This article was published in The 30 Second Wine Advisor on Wednesday, Mar. 5, 2008 and can be found at http://www.wineloverspage.com/wineadvisor2/tswa20080305.php.
I got a little surprise when I pulled the long natural cork from this bottle of bargain-priced Bordeaux: An inky black sludge coated the inner end of the cork with a shiny goo, and more of the same muddy stuff filled up the neck.
Perhaps surprisingly, the wine seemed undamaged, although the task of cleaning up the mess took the edge off the customary ritual of pulling cork and pouring.
I scooped out the sludge with a fingertip and wiped the glass clean with a paper towel, noting that the goo painted my hands with bold blackish-purple stripes. Happily, it was water-soluble, and washed right off.
For the sake of science (and knowing the stuff to be a harmless mix of tartrates, phenolic polymers and perhaps microscopic bits of fruit and yeast), I took a tiny taste. It was gritty, astringent, with a vaguely winey flavor. Not disgusting, but I wouldn't call it palatable either. You don't really want it in your glass.
Sediment of this type normally collects, quietly and out of the way, on the down side of a bottle stored horizontally under cool cellar conditions. You can get a good bit of it in an older red wine, but it's unusual to see a heavy deposit in the business end of a three-year-old bottle.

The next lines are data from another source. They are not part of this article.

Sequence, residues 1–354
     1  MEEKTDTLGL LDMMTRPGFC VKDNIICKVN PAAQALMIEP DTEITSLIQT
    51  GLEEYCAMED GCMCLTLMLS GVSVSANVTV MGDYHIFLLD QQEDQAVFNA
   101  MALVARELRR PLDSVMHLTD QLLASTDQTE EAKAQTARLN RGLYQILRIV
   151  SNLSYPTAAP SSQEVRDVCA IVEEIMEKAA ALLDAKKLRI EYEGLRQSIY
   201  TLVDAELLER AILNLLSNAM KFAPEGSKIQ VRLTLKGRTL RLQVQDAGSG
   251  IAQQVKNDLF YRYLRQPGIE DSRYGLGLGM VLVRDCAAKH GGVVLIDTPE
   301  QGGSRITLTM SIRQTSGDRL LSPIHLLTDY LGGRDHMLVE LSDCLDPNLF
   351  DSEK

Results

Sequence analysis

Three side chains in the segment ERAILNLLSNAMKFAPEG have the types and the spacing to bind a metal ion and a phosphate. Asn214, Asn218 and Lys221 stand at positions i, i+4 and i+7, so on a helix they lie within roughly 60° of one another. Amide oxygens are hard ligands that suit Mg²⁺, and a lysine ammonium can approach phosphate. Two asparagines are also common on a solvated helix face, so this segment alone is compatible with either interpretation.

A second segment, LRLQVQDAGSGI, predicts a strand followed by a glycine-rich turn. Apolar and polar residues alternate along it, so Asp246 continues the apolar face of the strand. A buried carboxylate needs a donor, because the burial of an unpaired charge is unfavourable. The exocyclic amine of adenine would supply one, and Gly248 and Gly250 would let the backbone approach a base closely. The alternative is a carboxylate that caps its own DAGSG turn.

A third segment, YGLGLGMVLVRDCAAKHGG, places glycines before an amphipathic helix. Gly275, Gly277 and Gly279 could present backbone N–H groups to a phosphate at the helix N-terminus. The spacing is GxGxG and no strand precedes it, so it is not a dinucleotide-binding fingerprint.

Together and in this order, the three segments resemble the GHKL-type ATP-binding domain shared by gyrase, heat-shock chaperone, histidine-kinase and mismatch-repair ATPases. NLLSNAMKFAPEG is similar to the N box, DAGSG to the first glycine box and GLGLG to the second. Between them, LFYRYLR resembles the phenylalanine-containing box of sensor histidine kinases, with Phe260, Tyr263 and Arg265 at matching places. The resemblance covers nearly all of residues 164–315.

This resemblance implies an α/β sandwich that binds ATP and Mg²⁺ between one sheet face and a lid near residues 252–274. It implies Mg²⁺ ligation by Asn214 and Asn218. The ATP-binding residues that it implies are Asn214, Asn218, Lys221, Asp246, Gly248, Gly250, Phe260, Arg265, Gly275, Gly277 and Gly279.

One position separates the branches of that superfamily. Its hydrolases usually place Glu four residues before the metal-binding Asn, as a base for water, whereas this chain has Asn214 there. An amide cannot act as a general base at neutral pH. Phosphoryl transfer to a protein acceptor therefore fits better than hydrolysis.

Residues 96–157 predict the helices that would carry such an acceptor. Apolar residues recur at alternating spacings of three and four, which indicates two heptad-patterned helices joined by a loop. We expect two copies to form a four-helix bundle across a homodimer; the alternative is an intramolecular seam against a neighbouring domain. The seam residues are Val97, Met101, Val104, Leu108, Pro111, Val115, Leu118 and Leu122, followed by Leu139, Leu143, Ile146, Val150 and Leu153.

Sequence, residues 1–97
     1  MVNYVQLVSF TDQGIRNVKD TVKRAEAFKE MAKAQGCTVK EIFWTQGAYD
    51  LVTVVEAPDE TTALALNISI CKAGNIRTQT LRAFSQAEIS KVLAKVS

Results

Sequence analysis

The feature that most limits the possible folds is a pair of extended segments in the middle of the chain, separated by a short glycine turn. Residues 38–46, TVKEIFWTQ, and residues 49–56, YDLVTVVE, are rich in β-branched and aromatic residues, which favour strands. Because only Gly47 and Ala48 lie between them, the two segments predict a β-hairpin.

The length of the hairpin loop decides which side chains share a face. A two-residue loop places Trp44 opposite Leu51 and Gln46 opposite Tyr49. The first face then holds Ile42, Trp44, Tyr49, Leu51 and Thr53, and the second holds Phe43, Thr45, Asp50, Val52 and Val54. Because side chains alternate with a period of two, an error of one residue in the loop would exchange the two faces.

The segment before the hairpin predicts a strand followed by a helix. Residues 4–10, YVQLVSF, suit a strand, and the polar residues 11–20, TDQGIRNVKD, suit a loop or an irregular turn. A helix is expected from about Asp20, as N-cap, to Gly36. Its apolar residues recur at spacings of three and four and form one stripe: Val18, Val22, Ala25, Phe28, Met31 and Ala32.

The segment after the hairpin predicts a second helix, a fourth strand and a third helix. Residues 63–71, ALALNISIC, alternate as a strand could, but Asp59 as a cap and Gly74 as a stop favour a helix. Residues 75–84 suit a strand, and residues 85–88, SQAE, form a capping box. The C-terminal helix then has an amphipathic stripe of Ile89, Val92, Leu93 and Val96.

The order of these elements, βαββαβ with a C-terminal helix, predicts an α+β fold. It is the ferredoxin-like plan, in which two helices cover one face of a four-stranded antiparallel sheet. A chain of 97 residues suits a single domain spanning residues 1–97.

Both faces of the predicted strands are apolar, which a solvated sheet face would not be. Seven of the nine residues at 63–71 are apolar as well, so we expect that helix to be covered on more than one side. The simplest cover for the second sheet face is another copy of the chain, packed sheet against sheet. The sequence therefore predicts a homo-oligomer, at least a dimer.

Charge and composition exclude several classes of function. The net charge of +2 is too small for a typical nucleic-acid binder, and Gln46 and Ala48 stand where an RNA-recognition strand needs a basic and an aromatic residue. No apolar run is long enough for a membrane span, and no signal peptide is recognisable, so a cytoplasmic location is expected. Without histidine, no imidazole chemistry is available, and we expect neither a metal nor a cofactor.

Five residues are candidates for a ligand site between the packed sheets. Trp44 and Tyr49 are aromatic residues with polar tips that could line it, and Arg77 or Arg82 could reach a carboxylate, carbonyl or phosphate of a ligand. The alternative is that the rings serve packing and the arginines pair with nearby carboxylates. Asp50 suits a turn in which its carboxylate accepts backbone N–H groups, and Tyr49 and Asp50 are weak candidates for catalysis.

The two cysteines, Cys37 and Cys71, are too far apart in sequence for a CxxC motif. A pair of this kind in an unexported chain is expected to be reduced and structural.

My guess: The wine was exposed to extreme cold in shipment or storage, prompting it to "throw" an unusual amount of young sediment. The wine was in cartons stored neck down (a common practice), so the sediment collected on the inner end of the cork and inside the neck.
Without finding another bottle of the same wine without sediment, it's not possible to say with certainty whether its flavor was affected. But I'm happy to report that it seemed fine, once the sediment was removed, with good fruit and acid in balance, firm tannins and intriguing minerality. That's a lot of Bordeaux for 10 bucks, even if it did come with an unwanted bonus.
The wine, 2005 Chateau Sauman from Vignobles D. Braud, is a Cotes de Bourg, made from vineyards around the village of Bourg on the right bank of the Gironde estuary, just across the water from the fabled Margaux appellation in the Médoc. Bourg wines are generally made with Merlot predominating, and - like its neighbor Blaye - it's a name to watch for if you're seeking decent, affordable Bordeaux as we are in ths month's Wine Focus. My tasting report is below.
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Chateau Sauman 2005 Cotes de Bourg ($9.99)
Very dark ruby with reddish-orange glints. Currants and dusty red clay, a lot of minerality on the nose and palate. There's good, juicy red fruit, too, apparently not compromised by the large amount of sediment in this bottle; perceptible but smooth tannins to provide structure. Good now with food, with sufficient fruit and balance to carry it through five years or so while the tannins resolve a bit. U.S. importer: Ex Cellars Wine Agencies Inc., Solvang, Calif. (March 2, 2008)
FOOD MATCH: Beef and lamb are perhaps the classic meat pairings with Bordeaux, but fresh, natural pork chops, pan-seared with onions and garlic, came right up to meet it, too.
VALUE: In today's market, you won't find better Bordeaux at $10.
WHEN TO DRINK: A sturdy, tannic Bordeaux like this, even a modest wine from a satellite appellation, should cellar well for at least a few years.
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